The Arts in the Digital Age



Friday, April 4
4 p.m.
Ernst Common Room, Blaustein Humanities Center

Student, faculty and alumni panelists will share their experiences with technological advances that have made it possible for people to make and share creative work, and the effects of technology on the arts in contemporary culture.

Panelists

Ozgur Izmirli, moderator
Ozgur Izmirli is an associate professor of computer science and director of the Ammerman Center for Arts & Technology at Connecticut College. He has been involved with the Ammerman Center since he joined the College in 1998, serving as director since 2008. The interdisciplinary center offers a certificate program and brings together faculty, students, researchers and artists to explore the role of technology over the entire spectrum of the arts.

Izmirli teaches courses in multimedia, sound processing, computer architecture and web technologies. He structures his courses with a balance of theory and practice while encouraging creative approaches and emphasizing problem solving. Izmirli’s research interests combine music, computer science and electrical engineering, and he has authored more than 50 publications. He completed a B.S., M.S., and Ph.D. at Middle East Technical University, and research at the Center for Computer Research in Music and Acoustics, Stanford University.

Andrea Wollensak
Andrea Wollensak is a professor of art at Connecticut College and co-associate director of events at the Ammerman Center for Arts & Technology. She combines new media technology and traditional design and fabrication to explore the convergence of place, identity and history through site-specific artwork. Themes in her work include community, environment, surveillance and memory, which she adapts to a range of artistic forms including digital prints, handmade books, audio/video installations, data visualization and 3-D printing.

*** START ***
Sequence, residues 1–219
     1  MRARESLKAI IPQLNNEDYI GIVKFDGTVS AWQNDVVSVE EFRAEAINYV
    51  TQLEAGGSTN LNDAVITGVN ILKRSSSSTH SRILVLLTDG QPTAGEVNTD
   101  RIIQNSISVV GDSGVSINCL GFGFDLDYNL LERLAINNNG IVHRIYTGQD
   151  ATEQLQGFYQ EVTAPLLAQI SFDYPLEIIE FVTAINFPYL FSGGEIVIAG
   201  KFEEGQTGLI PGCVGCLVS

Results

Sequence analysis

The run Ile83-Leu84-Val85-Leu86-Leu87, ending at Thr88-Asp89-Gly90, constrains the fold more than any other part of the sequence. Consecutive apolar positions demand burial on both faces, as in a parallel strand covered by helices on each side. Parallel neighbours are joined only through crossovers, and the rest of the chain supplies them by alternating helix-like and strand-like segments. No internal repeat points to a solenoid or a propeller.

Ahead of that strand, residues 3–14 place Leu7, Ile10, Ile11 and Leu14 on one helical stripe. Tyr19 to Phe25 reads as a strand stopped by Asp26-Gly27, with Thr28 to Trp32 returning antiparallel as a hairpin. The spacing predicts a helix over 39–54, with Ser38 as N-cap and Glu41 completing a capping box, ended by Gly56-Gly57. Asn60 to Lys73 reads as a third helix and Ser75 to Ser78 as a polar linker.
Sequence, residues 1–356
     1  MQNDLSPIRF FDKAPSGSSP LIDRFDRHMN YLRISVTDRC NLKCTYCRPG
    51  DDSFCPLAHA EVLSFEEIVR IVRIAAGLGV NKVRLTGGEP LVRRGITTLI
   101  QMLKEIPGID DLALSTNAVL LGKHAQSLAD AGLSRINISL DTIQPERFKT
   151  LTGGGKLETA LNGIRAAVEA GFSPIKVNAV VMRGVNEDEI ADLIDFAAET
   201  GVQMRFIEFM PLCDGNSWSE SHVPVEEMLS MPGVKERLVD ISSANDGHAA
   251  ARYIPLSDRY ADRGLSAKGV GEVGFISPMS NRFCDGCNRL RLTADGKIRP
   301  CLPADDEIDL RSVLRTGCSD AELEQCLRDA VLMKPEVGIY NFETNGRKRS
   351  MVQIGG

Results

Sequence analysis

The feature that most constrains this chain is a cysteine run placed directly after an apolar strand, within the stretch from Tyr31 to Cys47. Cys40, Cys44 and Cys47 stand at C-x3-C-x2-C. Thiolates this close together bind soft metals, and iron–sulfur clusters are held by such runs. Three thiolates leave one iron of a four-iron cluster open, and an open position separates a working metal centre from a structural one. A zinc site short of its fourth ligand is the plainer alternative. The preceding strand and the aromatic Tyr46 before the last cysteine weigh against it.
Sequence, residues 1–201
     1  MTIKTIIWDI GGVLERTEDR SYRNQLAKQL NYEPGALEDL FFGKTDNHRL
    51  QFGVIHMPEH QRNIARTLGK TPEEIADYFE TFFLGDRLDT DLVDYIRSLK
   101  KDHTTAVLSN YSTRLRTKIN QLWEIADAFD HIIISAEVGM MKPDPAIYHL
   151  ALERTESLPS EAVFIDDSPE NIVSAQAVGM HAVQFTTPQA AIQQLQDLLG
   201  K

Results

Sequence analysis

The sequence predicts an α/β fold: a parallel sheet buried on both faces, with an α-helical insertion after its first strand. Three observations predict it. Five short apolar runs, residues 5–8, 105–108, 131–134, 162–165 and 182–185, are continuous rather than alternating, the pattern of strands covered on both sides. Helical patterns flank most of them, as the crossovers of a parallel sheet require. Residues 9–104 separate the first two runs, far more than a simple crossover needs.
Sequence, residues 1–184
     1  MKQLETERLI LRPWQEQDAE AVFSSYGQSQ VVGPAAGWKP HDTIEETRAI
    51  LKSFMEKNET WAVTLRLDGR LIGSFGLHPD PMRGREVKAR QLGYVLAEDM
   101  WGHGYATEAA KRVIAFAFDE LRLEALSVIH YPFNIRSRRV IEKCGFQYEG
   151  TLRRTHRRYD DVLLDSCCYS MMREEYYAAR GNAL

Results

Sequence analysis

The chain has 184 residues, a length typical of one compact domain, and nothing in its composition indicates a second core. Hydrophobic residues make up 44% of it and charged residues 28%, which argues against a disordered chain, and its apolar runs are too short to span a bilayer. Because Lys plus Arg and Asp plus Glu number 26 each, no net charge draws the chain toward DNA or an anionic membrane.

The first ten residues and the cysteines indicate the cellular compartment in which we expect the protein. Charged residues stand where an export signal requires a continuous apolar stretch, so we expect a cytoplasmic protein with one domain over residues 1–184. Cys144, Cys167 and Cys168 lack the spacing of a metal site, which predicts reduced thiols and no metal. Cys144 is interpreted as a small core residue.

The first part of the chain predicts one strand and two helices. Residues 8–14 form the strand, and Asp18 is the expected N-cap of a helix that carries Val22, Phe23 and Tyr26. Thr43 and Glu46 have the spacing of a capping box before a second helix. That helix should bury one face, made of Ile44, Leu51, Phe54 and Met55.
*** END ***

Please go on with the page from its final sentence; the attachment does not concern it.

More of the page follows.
Most recently, Wollensak has created a series of works influenced by Icelandic landscapes, personal narratives from residents, and iceberg data. Several of these works have already been exhibited in Hartford, Conn., and Halifax, Nova Scotia, and will be the focus of a solo show in Gothenburg, Sweden, during May 2014.

Wollensak’s creative and critical writings have appeared in a diverse array of publications, and her papers and collaborations with colleagues have been presented at national and international conferences. Her work has earned her numerous artist residencies and fellowships, as well a grant from the Rockefeller Foundation and a collaborative grant from the National Science Foundation. Wollensak holds degrees from the University of Michigan and Yale University.

Virginia Anderson
Virginia Anderson joined the theater faculty at Connecticut College in 2013 after four years at Cal Poly San Luis Obispo, where she taught a variety of courses in theater history and directed each year for the school’s main stage. She serves on the College’s steering committee for the Holleran Center for Community Action and Public Policy and is a faculty fellow for the Ammerman Center for Arts and Technology.

Many of the productions Anderson has directed have benefited from collaboration with teams of creative technology experts, including the College’s recent production of “On the Town.” She is currently working on a book, “Beyond Angels: Broadway Theatre and the AIDS Epidemic,” which grew from years of research involving creative, social, and political representations of the AIDS epidemic.